Also over the past few days, I started and have now completed a geomagnetism survey for St. Andrew's University. Again, I had hoped initially to go far and wide over the rock to complete this, but restricted as I now am, I confined myself to the extended area of Hall's Ledge. I was pleased, though, that I was still able to record eleven transects. I'm not sure how much use the data will be, but they have said that anything I can record will be "interesting"! I have also been collecting a number of rock samples for them as I go, which I have attempted to record the orientation of in situ so that they can reproduce that orientation in the lab, which has been also been fun and perhaps more importantly, time consuming. It occurred to me yesterday that I could also use the grid I had effectively created with the transects to map out Hall's Ledge fairly accurately, so I have been doing that this morning too.
Aside from all that, I have been reading a lot, and am now enjoying the autobiography of Malcolm X. One of the issues with reading so much in a cramped pod is that I am obviously resting on the same points on my body all the time, which means that I have started to develop a sore patch near the base of my spine. If I sit up to read then the top of my back quickly starts to ache from being hunched over! I've also developed a twitch under my eye. I don't know why, but it is annoying at times! Whilst reading I have seen a number of kittiwakes with brown clumpy stains on their tails, backs, and wings. I'm assuming that this must be oil or something similar they have picked up locally which is a real shame. The first one I saw a few days ago now seems to be cleaning up slowly, and they all seem to be able to fly still.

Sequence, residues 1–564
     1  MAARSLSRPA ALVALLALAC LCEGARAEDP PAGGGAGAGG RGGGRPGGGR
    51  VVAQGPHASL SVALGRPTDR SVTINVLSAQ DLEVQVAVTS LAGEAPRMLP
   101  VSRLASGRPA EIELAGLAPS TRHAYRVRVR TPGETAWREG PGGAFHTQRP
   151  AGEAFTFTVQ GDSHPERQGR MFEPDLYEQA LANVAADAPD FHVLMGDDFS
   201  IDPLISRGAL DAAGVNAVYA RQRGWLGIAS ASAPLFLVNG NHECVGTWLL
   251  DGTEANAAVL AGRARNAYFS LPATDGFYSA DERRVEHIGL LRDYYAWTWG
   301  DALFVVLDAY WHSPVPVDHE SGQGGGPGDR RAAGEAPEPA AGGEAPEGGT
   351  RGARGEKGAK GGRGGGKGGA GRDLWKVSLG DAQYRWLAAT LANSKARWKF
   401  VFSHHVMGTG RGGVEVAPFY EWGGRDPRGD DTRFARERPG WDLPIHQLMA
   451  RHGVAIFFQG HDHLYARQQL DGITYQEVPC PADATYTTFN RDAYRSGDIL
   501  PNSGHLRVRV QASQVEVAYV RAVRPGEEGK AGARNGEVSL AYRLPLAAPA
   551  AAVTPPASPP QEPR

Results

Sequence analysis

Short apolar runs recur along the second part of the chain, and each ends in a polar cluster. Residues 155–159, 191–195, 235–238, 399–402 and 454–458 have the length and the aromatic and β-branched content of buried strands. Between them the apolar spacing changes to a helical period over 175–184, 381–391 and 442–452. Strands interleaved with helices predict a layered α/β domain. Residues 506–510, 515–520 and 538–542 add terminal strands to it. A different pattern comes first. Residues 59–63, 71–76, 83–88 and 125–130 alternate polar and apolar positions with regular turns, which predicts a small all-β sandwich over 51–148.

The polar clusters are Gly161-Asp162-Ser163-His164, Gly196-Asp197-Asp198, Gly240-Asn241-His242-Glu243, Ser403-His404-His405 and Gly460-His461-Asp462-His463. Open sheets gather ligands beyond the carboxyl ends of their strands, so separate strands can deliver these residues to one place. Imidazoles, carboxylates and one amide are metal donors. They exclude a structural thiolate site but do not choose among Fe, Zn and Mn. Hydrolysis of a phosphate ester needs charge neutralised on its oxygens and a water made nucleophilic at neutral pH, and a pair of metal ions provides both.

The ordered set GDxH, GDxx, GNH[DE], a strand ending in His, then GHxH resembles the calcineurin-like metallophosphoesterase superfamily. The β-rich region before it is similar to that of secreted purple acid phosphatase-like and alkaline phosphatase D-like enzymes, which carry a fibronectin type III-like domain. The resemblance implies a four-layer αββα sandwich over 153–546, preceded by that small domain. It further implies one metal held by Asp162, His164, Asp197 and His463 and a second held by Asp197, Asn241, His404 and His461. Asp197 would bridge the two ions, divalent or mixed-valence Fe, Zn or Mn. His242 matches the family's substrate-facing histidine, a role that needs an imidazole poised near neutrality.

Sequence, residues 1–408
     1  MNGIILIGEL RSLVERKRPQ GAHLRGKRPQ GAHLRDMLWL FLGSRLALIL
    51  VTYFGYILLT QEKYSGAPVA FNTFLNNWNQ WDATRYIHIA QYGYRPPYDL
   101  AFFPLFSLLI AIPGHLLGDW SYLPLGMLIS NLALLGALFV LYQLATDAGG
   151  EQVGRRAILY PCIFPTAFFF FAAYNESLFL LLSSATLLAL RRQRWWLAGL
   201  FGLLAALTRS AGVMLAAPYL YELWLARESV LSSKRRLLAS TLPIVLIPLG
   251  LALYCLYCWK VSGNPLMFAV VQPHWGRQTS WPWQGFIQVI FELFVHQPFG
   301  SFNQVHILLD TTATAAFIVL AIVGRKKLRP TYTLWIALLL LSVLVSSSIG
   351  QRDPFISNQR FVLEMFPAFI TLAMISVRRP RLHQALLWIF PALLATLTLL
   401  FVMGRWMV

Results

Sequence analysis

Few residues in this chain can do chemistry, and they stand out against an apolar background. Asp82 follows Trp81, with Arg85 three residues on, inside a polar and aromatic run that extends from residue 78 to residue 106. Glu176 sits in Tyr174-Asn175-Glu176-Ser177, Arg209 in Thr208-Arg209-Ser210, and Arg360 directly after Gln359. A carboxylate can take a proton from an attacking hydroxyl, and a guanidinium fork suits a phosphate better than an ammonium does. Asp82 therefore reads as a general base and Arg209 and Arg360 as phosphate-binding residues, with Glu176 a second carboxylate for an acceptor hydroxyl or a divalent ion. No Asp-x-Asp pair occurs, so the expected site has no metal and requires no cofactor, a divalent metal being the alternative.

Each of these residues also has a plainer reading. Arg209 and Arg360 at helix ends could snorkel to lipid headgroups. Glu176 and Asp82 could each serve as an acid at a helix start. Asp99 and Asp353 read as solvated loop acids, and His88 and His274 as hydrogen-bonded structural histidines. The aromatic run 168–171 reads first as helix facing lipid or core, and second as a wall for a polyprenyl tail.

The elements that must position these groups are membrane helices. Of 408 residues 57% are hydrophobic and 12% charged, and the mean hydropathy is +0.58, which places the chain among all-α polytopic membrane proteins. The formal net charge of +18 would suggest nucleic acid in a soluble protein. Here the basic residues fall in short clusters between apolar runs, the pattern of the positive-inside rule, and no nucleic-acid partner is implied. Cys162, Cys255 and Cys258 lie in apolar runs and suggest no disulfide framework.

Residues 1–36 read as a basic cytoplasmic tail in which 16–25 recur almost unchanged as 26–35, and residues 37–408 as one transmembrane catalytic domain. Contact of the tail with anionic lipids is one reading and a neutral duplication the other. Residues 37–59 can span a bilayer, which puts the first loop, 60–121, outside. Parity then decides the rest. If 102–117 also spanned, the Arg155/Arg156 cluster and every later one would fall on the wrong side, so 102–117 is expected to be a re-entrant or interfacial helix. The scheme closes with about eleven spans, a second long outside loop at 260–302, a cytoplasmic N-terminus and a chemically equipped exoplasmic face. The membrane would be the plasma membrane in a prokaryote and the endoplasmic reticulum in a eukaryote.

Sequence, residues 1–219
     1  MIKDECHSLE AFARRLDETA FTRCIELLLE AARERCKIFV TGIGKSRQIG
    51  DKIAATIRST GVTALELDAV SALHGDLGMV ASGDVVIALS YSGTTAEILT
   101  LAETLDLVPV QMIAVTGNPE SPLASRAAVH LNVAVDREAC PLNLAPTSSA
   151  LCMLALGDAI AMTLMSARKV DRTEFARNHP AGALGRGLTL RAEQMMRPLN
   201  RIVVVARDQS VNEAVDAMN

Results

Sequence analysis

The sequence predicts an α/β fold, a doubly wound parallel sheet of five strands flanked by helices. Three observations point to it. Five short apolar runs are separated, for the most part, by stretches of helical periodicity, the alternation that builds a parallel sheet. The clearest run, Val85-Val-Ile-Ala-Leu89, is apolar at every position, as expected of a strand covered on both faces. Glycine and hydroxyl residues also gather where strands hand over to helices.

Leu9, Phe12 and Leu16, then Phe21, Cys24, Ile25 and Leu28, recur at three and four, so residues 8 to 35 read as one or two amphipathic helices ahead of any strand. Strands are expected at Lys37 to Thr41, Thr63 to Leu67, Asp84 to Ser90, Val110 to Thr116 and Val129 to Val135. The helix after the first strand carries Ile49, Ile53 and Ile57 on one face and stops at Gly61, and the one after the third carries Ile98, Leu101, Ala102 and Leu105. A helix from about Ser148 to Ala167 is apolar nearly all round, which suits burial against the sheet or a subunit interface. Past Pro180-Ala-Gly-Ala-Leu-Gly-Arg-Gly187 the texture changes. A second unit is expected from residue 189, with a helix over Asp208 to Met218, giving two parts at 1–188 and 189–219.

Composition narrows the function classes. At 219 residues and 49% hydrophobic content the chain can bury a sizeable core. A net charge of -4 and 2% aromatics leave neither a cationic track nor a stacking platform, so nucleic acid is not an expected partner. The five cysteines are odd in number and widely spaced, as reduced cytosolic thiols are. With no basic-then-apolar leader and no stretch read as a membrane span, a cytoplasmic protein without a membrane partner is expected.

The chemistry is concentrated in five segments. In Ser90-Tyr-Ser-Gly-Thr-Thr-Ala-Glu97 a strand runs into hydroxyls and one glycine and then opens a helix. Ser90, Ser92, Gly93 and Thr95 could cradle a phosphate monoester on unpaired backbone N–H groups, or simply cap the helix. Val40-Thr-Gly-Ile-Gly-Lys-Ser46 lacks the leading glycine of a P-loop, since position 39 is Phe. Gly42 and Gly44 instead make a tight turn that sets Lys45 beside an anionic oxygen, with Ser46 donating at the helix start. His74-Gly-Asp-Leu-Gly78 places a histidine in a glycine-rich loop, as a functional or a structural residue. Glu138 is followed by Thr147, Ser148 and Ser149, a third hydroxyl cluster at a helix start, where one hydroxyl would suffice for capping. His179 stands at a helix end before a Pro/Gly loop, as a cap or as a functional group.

My thoughts are now turning to coming off the rock and how I now go about this with less barrels for kit and no climbing hardware. The remaining barrels of kit won't be an issue to lower down to the boat, but I had planned to use a Petzl ID to lower the RockPod off the cliff, the way it came up. Now that I don't have that piece of equipment, I need to find an alternative. The back-stop option is just to push the pod off the rock and hope for the best; although I think the pod will survive the fall, the shock of hitting the water may crack the hatches, and if the pod were then to roll, it would fill with water and be lost. I'd prefer to take it home, one so that its not a danger to shipping and two as it's the most iconic item associated with the expedition. Having emailed the guys at Summit Rescue who know the pod well, having winched and lowered it up and down the crag at Ratho with me in training many times, they have recommended a 'Super Munter Hitch' which I will be practicing with over the next few days. There is also an option to slide the pod down a slope at the side of the ledge with a smaller drop at the end, so that may be the way forward.
Twitter: @RockallNick #RockallSolo
Sponsor Nick in aid of Help for Heroes at www.justgiving.com/rockallsolo
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Tel: 0845 860 2411